By Micah Lapidus

At the start of every school year we take our 6th graders aside for some special Tefilah learning that helps them get ready to participate in Middle School Tefilah. I returned to my office after the first of these special sessions, called “6th Grade Tefilah Bootcamp” to find the following thought-provoking prompts and responses on my desk. I hung them on my walls and took some time to think about what I found there…

I am thrilled that our 6th graders have so much to say about Tefilah and are so comfortable sharing their ideas. I know that their journey through Middle School will bring much nuance and insight to these emerging ideas as well and look forward to that. In the meantime, since I am not able to attend the next installment of bootcamp I wrote some responses that will be shared by one of our Jewish Studies teachers. What would you say differently? What would you add? What would you challenge?

I was quite interested in seeing the notes from last week’s chalk talk. I am so happy to see my friends in 6th grade thinking about tefilah in such diverse and dynamic ways. Here are a few things I would share with the 6th grade if I had a chance. Perhaps you could share these with them:

  • When it comes to favorite parts of tefilah. My response would be that my favorite part very much depends on what’s going on in the rest of my life. If I have a friend who is sick or having surgery then my favorite part is mishebeirach. Since my father in law died this summer I appreciate the mourner’s kaddish in new ways. When I’m having a rough morning I like Modeh Ani because it reminds me that I am actually luck to be alive. What if our favorite part of tefilah changed based on what’s going on in our lives?
  • I really like the question of whose job it is to make tefilah a positive experience. I am glad that so many people think it’s my job! It is definitely my job to make Tefilah a safe, meaningful space. To make sure that everyone has what they need in order to have a positive experience. But I also like the idea that it’s up to every individual to make Tefilah positive for themselves. The more we take personal responsibility, the better life is in all areas. Also, a lot of people interpreted “positive experience” as “fun.” I think that lots of things can be positive experiences without being “fun.” Tefilah will not and should not always be fun. But it should always be a positive experience.
  • Camp Tefilah. There’s no doubt that camp tefilah is often a positive experience. It’s really nice to be able to have Tefilah at camp, in such a beautiful setting, surrounded by friends and counselors who are all happy to be there. The biggest difference between Camp Tefilah and non-camp tefilah in my opinion is represented by the idea of the gym. It’s not such a bummer to me that we pray in a gym. Instead, the gym is a symbol of the fact that during non-camp Tefilah we have the extra challenge of figuring out how tefilah fits into our regular lives. The best part of camp is that it’s not our regular daily lives. The challenge of non-camp tefilah is figuring out how it fits with our busy and demanding schedules.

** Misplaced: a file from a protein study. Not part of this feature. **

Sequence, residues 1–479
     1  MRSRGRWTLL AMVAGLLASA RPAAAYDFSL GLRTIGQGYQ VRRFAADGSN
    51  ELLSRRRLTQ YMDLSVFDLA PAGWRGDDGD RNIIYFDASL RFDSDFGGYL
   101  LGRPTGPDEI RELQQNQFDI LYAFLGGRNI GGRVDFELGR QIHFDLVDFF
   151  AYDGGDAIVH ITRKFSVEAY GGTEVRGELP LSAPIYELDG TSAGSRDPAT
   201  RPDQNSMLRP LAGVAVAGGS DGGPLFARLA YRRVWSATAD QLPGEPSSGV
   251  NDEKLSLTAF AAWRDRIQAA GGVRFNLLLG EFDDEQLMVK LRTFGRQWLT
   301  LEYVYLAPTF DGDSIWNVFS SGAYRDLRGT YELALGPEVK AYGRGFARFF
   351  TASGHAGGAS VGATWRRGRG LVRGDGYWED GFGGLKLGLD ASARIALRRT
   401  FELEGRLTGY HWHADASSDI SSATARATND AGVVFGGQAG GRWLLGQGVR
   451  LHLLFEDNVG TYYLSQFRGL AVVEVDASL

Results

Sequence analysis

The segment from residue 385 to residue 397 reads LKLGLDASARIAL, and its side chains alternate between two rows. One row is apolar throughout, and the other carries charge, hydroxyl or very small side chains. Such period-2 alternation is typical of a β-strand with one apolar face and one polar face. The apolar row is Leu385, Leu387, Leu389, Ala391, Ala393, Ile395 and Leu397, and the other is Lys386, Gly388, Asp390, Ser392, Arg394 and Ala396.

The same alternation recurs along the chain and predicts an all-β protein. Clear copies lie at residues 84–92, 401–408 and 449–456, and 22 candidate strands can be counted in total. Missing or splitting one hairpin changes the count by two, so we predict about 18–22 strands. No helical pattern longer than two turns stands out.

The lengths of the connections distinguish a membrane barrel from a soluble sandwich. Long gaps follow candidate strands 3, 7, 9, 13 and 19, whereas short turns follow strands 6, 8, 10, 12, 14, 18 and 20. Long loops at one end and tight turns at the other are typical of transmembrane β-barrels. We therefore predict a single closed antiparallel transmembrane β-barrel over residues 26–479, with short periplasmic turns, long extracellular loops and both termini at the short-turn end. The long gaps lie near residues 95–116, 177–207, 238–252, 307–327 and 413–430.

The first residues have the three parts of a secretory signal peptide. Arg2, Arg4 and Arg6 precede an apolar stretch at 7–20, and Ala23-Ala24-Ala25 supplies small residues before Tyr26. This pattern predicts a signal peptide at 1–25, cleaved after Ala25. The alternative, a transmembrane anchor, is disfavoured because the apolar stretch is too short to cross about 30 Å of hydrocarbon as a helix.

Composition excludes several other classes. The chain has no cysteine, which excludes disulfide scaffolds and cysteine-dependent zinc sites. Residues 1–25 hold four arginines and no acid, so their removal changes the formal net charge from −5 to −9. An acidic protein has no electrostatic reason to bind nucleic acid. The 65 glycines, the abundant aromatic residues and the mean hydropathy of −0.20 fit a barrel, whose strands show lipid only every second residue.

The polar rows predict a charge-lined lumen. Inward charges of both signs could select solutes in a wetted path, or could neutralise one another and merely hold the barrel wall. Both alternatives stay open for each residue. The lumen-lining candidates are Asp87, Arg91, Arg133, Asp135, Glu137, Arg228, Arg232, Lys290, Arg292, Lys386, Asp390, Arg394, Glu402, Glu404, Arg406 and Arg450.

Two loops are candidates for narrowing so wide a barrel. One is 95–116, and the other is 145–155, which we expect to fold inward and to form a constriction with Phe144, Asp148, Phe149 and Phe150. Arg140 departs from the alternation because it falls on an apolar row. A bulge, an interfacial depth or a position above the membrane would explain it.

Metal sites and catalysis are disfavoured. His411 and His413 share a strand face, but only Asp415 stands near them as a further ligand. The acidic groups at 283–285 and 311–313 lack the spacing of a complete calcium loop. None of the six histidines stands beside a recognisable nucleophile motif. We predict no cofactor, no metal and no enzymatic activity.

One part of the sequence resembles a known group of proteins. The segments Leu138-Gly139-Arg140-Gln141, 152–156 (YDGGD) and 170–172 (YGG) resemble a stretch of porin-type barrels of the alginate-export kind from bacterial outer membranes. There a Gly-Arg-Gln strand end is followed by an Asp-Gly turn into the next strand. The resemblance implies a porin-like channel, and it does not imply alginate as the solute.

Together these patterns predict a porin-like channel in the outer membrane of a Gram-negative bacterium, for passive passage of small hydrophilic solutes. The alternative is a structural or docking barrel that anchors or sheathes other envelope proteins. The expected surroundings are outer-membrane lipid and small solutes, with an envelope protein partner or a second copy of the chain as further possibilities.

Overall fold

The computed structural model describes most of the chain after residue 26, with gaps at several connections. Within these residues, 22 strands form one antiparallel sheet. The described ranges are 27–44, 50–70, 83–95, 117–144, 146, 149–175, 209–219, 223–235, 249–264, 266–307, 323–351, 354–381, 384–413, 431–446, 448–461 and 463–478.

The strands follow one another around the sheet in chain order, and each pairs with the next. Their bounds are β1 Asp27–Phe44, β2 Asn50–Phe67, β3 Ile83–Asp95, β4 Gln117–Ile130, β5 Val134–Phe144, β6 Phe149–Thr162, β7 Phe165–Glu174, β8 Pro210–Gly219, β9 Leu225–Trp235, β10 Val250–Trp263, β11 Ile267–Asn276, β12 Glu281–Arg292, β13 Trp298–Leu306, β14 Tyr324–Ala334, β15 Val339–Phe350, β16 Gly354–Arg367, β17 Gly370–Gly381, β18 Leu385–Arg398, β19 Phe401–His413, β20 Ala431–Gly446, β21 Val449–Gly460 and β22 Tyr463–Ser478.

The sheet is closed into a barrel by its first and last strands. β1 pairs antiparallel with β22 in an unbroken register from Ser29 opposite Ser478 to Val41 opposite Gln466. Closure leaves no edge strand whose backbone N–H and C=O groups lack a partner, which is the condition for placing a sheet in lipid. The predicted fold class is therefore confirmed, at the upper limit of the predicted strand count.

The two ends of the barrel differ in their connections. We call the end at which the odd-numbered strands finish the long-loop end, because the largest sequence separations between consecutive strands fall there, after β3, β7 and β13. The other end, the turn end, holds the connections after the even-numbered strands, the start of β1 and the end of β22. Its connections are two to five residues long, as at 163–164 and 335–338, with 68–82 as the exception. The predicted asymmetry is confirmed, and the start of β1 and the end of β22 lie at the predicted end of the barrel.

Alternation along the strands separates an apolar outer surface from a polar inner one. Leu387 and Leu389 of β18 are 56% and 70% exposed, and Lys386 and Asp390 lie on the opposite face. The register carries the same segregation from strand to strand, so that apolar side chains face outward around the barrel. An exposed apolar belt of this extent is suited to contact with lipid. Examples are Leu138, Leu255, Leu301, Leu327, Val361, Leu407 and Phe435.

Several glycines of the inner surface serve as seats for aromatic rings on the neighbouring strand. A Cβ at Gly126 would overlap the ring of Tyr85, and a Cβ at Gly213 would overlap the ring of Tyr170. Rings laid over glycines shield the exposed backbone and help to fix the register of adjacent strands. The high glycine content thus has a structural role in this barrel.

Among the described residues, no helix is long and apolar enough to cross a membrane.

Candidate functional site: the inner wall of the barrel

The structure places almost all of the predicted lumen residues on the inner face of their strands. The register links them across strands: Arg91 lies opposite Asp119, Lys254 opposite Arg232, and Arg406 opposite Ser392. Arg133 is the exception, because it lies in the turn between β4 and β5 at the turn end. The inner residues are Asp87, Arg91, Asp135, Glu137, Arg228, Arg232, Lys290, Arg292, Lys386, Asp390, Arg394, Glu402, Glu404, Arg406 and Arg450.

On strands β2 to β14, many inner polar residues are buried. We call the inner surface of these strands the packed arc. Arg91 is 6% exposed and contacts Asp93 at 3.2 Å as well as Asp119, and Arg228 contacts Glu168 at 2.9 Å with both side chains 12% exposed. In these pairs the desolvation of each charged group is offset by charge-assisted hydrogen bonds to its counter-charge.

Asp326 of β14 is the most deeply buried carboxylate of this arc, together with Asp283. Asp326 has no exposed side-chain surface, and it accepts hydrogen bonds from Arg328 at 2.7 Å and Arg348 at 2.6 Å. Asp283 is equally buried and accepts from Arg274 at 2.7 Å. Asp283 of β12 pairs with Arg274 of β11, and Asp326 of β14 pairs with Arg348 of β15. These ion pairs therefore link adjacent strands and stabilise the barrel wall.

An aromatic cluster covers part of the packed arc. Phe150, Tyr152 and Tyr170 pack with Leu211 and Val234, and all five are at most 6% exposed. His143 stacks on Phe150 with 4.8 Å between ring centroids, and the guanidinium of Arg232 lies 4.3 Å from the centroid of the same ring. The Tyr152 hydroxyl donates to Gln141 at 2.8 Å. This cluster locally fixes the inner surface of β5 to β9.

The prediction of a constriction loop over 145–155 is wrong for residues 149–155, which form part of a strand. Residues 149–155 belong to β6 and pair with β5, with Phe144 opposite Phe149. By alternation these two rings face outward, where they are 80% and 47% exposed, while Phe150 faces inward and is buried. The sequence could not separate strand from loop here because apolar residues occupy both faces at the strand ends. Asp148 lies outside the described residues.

• There are plenty of reasons not to enjoy tefilah. My own reasons for not enjoying tefilah are these: I don’t like to sit so much. Some of the prayers really don’t speak to me all that often. And I don’t like getting dressed up to go to synagogue. Having said that, the best tefilah in my opinion is one where everyone is literally on the same page. When everyone sings the Shema at an all school Kabbalat Shabbat I can literally feel god, my ancestors, and all the generations there in the room. I look forward to those moments very much and there’s not really anything that creates those chances like tefilah. I sometimes get frustrated because I think we could have at least one of those moments every time we have Tefilah if we would just open our hearts and be less scared of taking chances.
  • Bar Mitzvah—It’s always risky to put all your hopes into a great party. It’s too easy to be disappointed. I prefer to focus on the things I can control—making the most of spending time with my family, really learning prayers so I don’t feel like a phony, writing a dvar torah that actually expresses my ideas about life when so many people are listening, developing a relationship with my rabbi. These are the things I can control. It’s hard for a 13 year old to control whether they have a great party or get a lot of money. It’s too bad that this continues to be the focus, but it’s understandable given the age at which we have bar mitzvah. I still think bar mitzvah should be at age 16 when we are older and more mature!

This article is reposted from the author’s blog with permission.